India needs to resist pressure from big drug firms and their backers to change patent laws

India’s intellectual property model is under attack not because it has failed, but because it has succeeded – in balancing private profits with public health.

Often called the “pharmacy of the developing world”, India has long exported high-quality, low-cost generic medicines to the rest of the globe. Its progressive patent system has facilitated a model of local production and entrepreneurship that has allowed India’s generic drugs industry to contribute to improved access to lifesaving drugs across the world, especially HIV medicines. Generic drugs, which are effectively a bioequivalent form of an original branded drug that has gone off patent, represent the vast majority of medicines consumed each year.

Just as India’s generic industry begins to expand this model to more sophisticated medicines and richer markets, its government is entertaining policies that will restrict this growth by introducing unnecessarily stringent intellectual property barriers that effectively hand big pharmaceutical companies the power to keep Indian firms on a tight leash. These intellectual property barriers can reach beyond patent terms, as they also extend to the granting of proprietary status to the clinical trial data on which drug approval and generic entry depends. These provisions address a concept known as data exclusivity.

Furthermore, through so-called “patent linkage” rules that prohibit marketing approval of a drug until patent disputes are fully resolved, developed countries hope to give their pharmaceutical firms additional tools, via patent litigation and appeals, to block generic competition.

Under attack for success

Through formal and informal trade negotiations with developed countries, India is being put under pressure to “reform” its rules. However, India’s current intellectual property model is under attack not because it has failed, but because it has succeeded. This success is viewed as a threat by multinational pharmaceutical corporations, who see generics as eroding the profits of blockbuster drugs. The threat is real: India’s generic-led pharmaceutical exports to the US have increased almost ten-fold in the past decade. With more FDA-registered facilities than any other country outside the US, this trend is expected to continue.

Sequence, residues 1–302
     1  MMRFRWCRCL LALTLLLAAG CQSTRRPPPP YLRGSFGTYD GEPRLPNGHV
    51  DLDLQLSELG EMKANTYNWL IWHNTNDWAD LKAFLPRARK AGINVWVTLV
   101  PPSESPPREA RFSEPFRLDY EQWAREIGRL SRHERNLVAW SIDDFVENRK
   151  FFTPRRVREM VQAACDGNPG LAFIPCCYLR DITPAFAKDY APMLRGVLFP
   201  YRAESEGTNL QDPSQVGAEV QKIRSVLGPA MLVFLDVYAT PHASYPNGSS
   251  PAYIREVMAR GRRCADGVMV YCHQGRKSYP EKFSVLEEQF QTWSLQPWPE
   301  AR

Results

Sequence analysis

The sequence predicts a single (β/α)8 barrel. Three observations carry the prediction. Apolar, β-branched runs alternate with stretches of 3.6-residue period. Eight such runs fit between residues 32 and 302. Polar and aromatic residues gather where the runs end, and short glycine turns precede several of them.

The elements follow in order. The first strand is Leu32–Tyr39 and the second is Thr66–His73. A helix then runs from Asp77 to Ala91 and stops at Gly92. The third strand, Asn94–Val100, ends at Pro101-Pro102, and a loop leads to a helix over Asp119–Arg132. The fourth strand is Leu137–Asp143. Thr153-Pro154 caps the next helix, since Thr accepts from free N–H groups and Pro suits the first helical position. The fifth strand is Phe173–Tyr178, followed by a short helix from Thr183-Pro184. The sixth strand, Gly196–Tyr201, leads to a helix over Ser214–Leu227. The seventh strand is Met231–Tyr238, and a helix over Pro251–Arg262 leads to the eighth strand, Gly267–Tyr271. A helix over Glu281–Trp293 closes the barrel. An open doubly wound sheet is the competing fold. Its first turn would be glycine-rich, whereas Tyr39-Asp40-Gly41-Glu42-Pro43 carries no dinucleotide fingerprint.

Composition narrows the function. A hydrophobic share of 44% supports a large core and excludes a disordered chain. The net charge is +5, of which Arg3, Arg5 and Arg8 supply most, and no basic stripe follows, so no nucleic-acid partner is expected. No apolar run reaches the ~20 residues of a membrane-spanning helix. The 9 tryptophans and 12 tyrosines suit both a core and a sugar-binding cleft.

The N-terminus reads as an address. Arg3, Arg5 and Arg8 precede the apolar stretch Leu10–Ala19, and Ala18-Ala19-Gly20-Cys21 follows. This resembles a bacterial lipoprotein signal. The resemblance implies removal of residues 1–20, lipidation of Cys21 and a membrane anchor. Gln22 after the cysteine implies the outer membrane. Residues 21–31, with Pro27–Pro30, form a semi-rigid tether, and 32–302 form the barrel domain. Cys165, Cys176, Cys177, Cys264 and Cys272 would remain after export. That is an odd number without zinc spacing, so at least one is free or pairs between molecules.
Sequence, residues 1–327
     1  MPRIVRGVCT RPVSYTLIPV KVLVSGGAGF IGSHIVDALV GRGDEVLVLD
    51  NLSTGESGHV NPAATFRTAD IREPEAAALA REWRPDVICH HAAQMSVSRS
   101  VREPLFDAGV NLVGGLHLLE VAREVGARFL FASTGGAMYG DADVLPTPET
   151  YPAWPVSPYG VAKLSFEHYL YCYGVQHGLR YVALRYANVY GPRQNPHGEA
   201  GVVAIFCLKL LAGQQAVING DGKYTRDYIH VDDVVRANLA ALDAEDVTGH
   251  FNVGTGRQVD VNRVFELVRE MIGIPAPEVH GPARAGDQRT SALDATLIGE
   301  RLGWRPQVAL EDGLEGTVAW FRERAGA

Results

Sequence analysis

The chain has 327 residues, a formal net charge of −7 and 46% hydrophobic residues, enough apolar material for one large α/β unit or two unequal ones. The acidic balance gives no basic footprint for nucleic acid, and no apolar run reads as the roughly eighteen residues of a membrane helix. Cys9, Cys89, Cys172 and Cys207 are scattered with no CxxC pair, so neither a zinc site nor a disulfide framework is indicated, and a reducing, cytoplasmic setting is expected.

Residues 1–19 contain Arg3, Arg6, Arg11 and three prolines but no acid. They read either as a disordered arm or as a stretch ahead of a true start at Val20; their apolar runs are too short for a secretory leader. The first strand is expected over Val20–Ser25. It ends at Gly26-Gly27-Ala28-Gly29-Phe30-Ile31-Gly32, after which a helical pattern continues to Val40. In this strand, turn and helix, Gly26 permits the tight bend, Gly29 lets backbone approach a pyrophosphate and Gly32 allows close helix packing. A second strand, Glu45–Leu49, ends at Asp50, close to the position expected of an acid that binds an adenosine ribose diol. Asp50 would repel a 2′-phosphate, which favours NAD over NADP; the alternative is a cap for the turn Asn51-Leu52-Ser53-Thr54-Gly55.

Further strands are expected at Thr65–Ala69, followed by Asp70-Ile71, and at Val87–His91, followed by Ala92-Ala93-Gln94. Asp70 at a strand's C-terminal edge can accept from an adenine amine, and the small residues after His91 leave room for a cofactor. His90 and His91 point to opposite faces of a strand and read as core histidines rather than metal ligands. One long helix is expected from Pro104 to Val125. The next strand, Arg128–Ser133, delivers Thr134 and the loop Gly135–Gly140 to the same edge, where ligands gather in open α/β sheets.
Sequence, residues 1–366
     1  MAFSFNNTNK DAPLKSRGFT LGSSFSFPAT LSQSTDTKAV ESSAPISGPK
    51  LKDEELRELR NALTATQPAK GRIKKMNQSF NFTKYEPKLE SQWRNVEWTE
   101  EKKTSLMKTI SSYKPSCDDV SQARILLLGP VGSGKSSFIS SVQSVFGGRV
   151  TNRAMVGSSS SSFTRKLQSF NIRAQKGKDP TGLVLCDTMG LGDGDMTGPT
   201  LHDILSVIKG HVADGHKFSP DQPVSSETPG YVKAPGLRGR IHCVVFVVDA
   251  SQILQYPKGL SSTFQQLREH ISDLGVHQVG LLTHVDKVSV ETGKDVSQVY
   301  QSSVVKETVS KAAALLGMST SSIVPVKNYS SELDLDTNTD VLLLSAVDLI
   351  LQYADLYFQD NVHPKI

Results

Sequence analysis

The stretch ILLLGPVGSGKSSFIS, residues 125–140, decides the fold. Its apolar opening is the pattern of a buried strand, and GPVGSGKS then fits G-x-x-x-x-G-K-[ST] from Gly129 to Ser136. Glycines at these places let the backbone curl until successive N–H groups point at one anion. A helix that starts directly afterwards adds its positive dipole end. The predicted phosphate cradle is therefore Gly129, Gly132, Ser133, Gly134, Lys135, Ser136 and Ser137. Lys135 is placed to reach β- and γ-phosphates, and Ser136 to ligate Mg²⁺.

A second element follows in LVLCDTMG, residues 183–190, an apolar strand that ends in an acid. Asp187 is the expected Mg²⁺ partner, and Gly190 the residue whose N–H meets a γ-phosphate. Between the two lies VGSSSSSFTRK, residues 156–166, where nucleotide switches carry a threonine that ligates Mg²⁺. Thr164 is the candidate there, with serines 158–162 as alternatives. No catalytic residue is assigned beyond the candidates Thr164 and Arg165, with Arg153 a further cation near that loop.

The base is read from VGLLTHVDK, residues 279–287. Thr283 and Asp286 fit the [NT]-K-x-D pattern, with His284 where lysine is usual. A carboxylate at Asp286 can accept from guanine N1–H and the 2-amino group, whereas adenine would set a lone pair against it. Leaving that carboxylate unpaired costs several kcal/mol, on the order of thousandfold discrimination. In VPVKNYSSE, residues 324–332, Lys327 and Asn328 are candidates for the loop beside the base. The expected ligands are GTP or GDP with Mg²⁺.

However, the generic drug industry threatens big pharma’s hold on the global market, notably in the lucrative arena of so-called specialty drugs. As a pillar of the global generic industry, India has been facing relentless international pressure, especially from governments that act on behalf of their pharmaceutical industries. This is particularly significant for new cancer drugs that India is capable of producing at low costs and that big pharma prices exorbitantly, and is thus desperate to keep under its control.

The commerce minister of India was in Malaysia in mid-July for a ministerial meeting to negotiate a trade agreement with south-east Asian countries, Australia, South Korea, New Zealand, China and Japan. Leaked texts of the draft intellectual property chapter revealed proposed IP provisions such as patent term extensions, data exclusivity conditions, lowering of patentability criteria and stricter enforcement mechanisms (i.e. increasingly punitive) for intellectual property rights. If accepted, these provisions would further extend the monopoly powers of the multinational pharma companies.

Massive profits

Compulsory licences are a WTO-approved provision that allows governments to give licences to a generic manufacturer to produce a specific drug, without the consent of the patent holder. The generic firm, in turn, must pay a fixed royalty to the patent holder from each sale. These licences are issued in order to address public health emergencies, which include but are not limited to cases of prohibitive drug prices and chronic drug supply shortages. In 2012, amidst considerable controversy, the Indian patent office granted a compulsory licence for the generic production of the cancer drug, sorafenib, whose brand name is Nexavar.